Originally published in the Naples Daily News on Monday, January 13, 2014
Written by Amy Snyder
On January 27, 1945 the Soviet Army liberated the Nazi death camp called Auschwitz. Although several camps had been liberated before this, and certainly after, this event is the one that stands out in the minds of the public today. Auschwitz represents the worst of humanity and is held up as a symbol of evil to be fought against at all costs.
In November of 2005, the United Nations Outreach Program was created to remind the world of the events and lessons of the Holocaust in order to prevent future atrocities. The U.N. designated January 27th as International Holocaust Remembrance Day – a time for the international community to “reaffirm that the Holocaust, which resulted in the murder of one-third of the Jewish people along with countless members of other minorities, will forever be a warning to all people of the dangers of hatred, bigotry, racism and prejudice”.
Each year, the Holocaust Museum & Education Center of Southwest Florida, along with many other community organizations, presents a program to our local community to commemorate, memorialize and educate. In the past, we’ve been blessed to work with Dr. Doug Renfroe and Voices of Naples, as well as Dr. Marian Dolan and The Choir Project, presenting our programs at Naples United Church of Christ, and most recently at the Green at Mercato.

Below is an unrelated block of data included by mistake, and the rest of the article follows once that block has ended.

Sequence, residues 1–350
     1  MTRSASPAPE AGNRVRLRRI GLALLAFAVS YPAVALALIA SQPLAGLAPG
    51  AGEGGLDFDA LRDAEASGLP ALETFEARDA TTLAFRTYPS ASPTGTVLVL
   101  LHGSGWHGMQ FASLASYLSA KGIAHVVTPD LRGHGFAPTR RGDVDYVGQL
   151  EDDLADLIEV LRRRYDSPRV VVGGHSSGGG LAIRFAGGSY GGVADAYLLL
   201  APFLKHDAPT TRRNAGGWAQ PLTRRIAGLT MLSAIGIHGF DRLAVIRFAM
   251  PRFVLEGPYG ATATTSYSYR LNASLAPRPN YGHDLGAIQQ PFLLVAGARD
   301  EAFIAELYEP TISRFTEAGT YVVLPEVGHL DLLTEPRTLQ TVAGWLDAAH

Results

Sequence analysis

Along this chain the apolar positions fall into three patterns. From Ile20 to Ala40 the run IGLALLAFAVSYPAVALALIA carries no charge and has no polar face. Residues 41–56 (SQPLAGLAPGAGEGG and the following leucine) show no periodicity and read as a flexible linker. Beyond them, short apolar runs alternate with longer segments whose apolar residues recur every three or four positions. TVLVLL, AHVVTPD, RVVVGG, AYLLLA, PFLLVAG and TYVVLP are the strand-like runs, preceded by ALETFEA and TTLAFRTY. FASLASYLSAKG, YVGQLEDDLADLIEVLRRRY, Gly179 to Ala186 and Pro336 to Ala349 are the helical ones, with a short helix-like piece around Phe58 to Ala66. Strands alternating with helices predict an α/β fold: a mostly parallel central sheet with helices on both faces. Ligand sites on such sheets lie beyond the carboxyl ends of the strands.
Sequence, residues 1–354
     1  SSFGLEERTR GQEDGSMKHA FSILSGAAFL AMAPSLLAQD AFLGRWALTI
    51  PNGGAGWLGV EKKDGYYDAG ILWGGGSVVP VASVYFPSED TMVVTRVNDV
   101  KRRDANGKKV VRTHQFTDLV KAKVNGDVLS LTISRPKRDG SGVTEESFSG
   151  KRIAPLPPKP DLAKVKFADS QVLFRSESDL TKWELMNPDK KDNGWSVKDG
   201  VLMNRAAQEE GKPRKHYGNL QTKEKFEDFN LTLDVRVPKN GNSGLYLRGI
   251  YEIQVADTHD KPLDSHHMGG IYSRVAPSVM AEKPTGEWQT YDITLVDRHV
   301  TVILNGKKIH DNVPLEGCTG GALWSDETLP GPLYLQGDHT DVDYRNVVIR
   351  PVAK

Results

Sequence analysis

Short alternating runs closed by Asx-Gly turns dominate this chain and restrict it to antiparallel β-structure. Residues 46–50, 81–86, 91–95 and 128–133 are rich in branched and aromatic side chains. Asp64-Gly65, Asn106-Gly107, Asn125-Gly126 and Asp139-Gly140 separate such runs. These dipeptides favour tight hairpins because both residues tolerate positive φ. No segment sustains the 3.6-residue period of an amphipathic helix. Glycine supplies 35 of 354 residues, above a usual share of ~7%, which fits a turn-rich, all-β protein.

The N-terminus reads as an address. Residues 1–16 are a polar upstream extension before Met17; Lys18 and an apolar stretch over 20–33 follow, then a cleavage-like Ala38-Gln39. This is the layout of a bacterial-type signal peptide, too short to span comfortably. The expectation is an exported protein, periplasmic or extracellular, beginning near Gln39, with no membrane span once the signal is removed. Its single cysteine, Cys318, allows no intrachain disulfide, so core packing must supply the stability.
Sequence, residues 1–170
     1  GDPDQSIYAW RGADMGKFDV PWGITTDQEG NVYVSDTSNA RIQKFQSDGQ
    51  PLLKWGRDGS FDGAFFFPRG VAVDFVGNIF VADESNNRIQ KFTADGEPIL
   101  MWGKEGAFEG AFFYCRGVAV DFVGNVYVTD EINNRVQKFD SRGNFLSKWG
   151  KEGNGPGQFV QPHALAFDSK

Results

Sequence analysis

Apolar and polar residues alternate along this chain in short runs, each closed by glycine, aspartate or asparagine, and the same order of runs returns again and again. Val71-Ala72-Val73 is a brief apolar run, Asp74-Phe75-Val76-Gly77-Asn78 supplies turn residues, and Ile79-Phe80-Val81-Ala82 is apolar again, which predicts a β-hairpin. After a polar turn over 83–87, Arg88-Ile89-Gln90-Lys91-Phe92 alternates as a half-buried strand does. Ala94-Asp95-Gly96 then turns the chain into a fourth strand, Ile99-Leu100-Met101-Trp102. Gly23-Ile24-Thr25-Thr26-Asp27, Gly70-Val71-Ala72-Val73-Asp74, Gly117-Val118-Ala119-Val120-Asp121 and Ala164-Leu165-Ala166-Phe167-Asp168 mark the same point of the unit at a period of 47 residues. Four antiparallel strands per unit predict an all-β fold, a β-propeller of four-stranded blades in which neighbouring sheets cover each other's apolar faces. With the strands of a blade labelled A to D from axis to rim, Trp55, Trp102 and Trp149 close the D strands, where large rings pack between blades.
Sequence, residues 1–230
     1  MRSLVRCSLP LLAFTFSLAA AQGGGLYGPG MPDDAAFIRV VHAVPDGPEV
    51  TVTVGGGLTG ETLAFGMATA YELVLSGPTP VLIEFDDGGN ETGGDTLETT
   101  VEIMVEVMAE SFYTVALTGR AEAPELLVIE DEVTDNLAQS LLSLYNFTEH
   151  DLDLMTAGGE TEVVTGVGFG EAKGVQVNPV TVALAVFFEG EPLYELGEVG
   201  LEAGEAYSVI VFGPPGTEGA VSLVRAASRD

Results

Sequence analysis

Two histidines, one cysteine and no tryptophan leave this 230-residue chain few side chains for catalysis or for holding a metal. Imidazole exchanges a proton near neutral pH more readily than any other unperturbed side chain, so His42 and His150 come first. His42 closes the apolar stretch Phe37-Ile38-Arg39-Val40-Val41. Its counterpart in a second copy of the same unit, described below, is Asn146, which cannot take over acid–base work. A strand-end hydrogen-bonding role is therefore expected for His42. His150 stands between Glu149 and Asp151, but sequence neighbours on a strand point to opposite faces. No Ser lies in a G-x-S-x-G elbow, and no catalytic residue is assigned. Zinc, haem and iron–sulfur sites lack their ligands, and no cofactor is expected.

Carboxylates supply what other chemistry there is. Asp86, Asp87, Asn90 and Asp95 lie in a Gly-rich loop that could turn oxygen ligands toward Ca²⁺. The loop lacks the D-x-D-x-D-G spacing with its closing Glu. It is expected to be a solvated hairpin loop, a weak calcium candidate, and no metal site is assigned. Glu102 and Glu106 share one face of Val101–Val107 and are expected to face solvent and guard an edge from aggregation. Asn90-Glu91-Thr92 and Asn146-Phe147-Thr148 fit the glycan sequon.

For 2014, the Museum is pleased to work with The Center for Judaic, Holocaust and Genocide Studies at Florida Gulf Coast University to present Hannibal Travis, Associate Professor of Law at Florida International University. Professor Travis will be speaking on the topic “Prior Warning of the Holocaust: Did the Armenian Genocide Inspire Hitler?” The program will take place on Sunday, January 26th at 2:00 pm at FGCU’s Edwards Hall, Room 112.
Also in recognition of International Holocaust Remembrance Day, the Holocaust Museum will be hosting a talk on Monday, January 27th with Wolfgang Vogel, a former member of the Hitler Youth, who will share about the dangers of propaganda and the lessons for today. Doors will open at 5:30 pm for people to tour the Museum and the program will begin at 6:45 pm.
The study of the Holocaust, from the perspective of the Museum, is not only to help us understand the historical events, but also to inspire us to be better people. We cannot know where we’ve come from or how to move forward without knowing our personal, national and international history. A basic education in the events and people involved in the Holocaust can inspire us to “do good” in ways we may not have considered before. However, as we will hear from Professor Travis and Mr. Vogel, knowledge of past events can also lead to a re-occurrence of the evils of which humanity is capable.
It is our job as responsible citizens, parents and educators to lead our young people down a path of respect and compassion. It is not a path necessarily of tolerance and acceptance, because tolerance and acceptance of false and harmful ideas is often the beginning of genocide. It is rather, the path of discernment and truth. This is not an easy path, but the only one that provides us with the necessary tools to defeat evil.
As we approach the 69th Anniversary of the liberation of Auschwitz, may we each endeavor to make our lives the light that overcomes the darkness.
We invite you to visit the Holocaust Museum on Sunday, January 26th as there will be no admission fee in recognition of International Holocaust Remembrance Day.